Lung Cancer Screening and Risk Reduction

Lung Cancer is Preventable and Treatable

Watch a video featuring Dr. Rachel Sanborn from Providence Cancer Institute in Portland, Oregon, about lung cancer causes, symptoms, treatments and research.

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When people who have no symptoms are tested to detect disease, that process is called “screening".

  • Screening for cancer increases the chance of being diagnosed at an early stage.
  • Early stage diagnosis is associated with much higher cure rates.
  • The only proven effective way to screen for lung cancer is low-dose computed tomography (also called a low-dose CT scan, or LDCT).

If you are a current or former smoker, your risk of developing lung cancer may be up to 25 times higher than someone who never smoked.

If you are considering about getting screened, talk to your primary care doctor to make this informed decision together. It is important to discuss the possible benefits and risks of screening with your doctor.

Providence screening criteria:

  • Adults between 50-80 years old and
  • Current smoker or one who has quit smoking within the past 15 years and
  • Person with a greater than or equal to 20 pack-year smoking history (Example: Smoking 1 pack per day x 20 years = 20 pack years; smoking 2 packs per day x 10 years = 20 pack years) and
  • Person who has not had a CT Chest scan within the past 12 months

Screening should be discontinued once a person has not smoked for more than 15 years or develops a health problem that substantially limits life expectancy or the ability or willingness to have curative lung surgery.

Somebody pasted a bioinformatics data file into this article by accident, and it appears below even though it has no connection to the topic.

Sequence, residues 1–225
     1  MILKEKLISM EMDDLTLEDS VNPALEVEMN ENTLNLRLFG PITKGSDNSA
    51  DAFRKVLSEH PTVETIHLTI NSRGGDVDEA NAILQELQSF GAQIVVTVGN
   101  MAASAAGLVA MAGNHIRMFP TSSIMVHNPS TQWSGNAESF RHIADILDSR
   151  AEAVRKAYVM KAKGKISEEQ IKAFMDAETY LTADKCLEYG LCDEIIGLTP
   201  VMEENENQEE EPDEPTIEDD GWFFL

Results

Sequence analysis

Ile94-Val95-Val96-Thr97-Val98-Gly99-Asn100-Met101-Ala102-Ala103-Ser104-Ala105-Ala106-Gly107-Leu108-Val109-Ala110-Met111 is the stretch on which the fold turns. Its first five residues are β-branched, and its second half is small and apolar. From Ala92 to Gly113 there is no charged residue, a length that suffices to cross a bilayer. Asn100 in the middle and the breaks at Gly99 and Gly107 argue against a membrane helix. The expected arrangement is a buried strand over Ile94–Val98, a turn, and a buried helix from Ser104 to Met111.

At Providence Cancer Institute:

  • We use low-dose CT scans, which results in less radiation exposure than standard CT imaging.
  • We comply with all comprehensive standards based on best practices for controlling screening quality, radiation dose and diagnostic procedures.
  • Providence has been designated a Lung Cancer Screening Center of Excellence by Lung Cancer Alliance, which means it has committed to following specific protocols and core best practices to ensure the highest quality of screening and follow up care.
  • We work with a multidisciplinary clinical team to follow patients from screening to diagnosis and disease management based on best practices.

Contact your primary care doctor to learn more about lung cancer screening. The doctor can help to determine whether lung cancer screening is right for you. If you meet the screening criteria, your doctor will submit a lung cancer screening order on your behalf for scheduling.

Use this lung cancer screening decision aid to determine if screening is right for you.